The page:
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The Pros and Cons of Smartphone Self-Evaluation for MS Patients

November 10, 2015

A smartphone platform may eventually enable large-scale studies of patients with multiple sclerosis or other neurologic diseases, according to the findings of a recent study published in the journal Neurology, Neuroimmunology & Neuroinflammation.

Philip L. De Jager, MD, PhD, from Harvard Medical School, and his team investigated the possibility of performing smartphone-based assessments of patients with MS and their cohabitants. Specifically, the team aimed to identify operational challenges to deploying a smartphone platform for passive and active data collection in human observational studies, as well as to identify themes that could improve study design for next-generation smartphone applications.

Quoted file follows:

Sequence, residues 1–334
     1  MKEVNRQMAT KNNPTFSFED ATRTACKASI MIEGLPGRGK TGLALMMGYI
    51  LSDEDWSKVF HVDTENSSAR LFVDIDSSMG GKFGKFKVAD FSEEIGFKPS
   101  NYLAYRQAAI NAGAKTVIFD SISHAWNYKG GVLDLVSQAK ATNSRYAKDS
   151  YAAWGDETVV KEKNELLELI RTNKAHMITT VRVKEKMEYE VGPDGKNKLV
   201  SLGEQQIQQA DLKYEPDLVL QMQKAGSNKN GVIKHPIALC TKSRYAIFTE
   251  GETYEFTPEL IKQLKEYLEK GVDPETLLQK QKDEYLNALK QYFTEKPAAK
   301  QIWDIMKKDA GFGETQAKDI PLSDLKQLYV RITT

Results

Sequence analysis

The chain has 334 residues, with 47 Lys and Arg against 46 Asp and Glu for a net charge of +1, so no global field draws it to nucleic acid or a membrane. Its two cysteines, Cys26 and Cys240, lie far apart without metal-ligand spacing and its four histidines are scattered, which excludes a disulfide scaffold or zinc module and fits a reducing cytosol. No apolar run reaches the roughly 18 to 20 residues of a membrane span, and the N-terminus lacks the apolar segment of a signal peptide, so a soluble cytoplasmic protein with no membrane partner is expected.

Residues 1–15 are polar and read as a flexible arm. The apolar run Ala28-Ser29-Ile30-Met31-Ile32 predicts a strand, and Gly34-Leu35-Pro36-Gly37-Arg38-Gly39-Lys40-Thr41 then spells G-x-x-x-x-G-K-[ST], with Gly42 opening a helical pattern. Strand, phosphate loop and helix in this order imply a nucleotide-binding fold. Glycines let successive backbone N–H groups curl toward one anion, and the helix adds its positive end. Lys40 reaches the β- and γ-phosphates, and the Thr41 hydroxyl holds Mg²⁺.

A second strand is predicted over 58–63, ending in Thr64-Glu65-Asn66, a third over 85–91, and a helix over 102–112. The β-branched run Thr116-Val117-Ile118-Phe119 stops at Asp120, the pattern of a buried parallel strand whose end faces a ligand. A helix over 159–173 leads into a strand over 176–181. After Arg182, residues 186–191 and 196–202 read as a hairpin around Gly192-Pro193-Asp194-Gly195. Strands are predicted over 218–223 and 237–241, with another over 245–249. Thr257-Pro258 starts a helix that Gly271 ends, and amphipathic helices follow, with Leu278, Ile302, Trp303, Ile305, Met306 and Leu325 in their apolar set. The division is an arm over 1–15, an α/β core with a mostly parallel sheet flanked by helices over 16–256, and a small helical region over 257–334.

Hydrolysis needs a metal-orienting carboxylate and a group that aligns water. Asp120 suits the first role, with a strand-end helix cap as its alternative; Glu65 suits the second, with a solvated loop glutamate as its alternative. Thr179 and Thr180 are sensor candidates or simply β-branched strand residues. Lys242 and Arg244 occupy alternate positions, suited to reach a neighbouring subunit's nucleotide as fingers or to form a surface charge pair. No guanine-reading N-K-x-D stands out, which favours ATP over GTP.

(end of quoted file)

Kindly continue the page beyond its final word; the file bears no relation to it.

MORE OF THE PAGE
A total of 38 pairs (MS and cohabitant), ages 18–55, were able to take part in the research. Each study participant was given a smartphone with a custom application that included 19 tests to capture participants’ performance (vision, cognition, color vision, and dexterity), as well as patient-reported outcomes (quality of life, fatigue, and mood). Study participants were asked to complete one assignment test per day for one year.

The final amount of participants was of 22 MS patients and 17 cohabitants, with the results revealing that in MS patients there was an association between study dropout and low scores on patient-reported outcomes related to mental and visual function.

“Much remains to be done in understanding whether and how smartphone-based data can contribute clinically meaningful information…Yet harnessing the potential and overcoming the challenges of naturalistically collected data will be an important part of deep patient phenotyping as studies are scaled to the very large sample sizes (n > 5,000) that are necessary for large endeavors such as gene discovery,” the team said.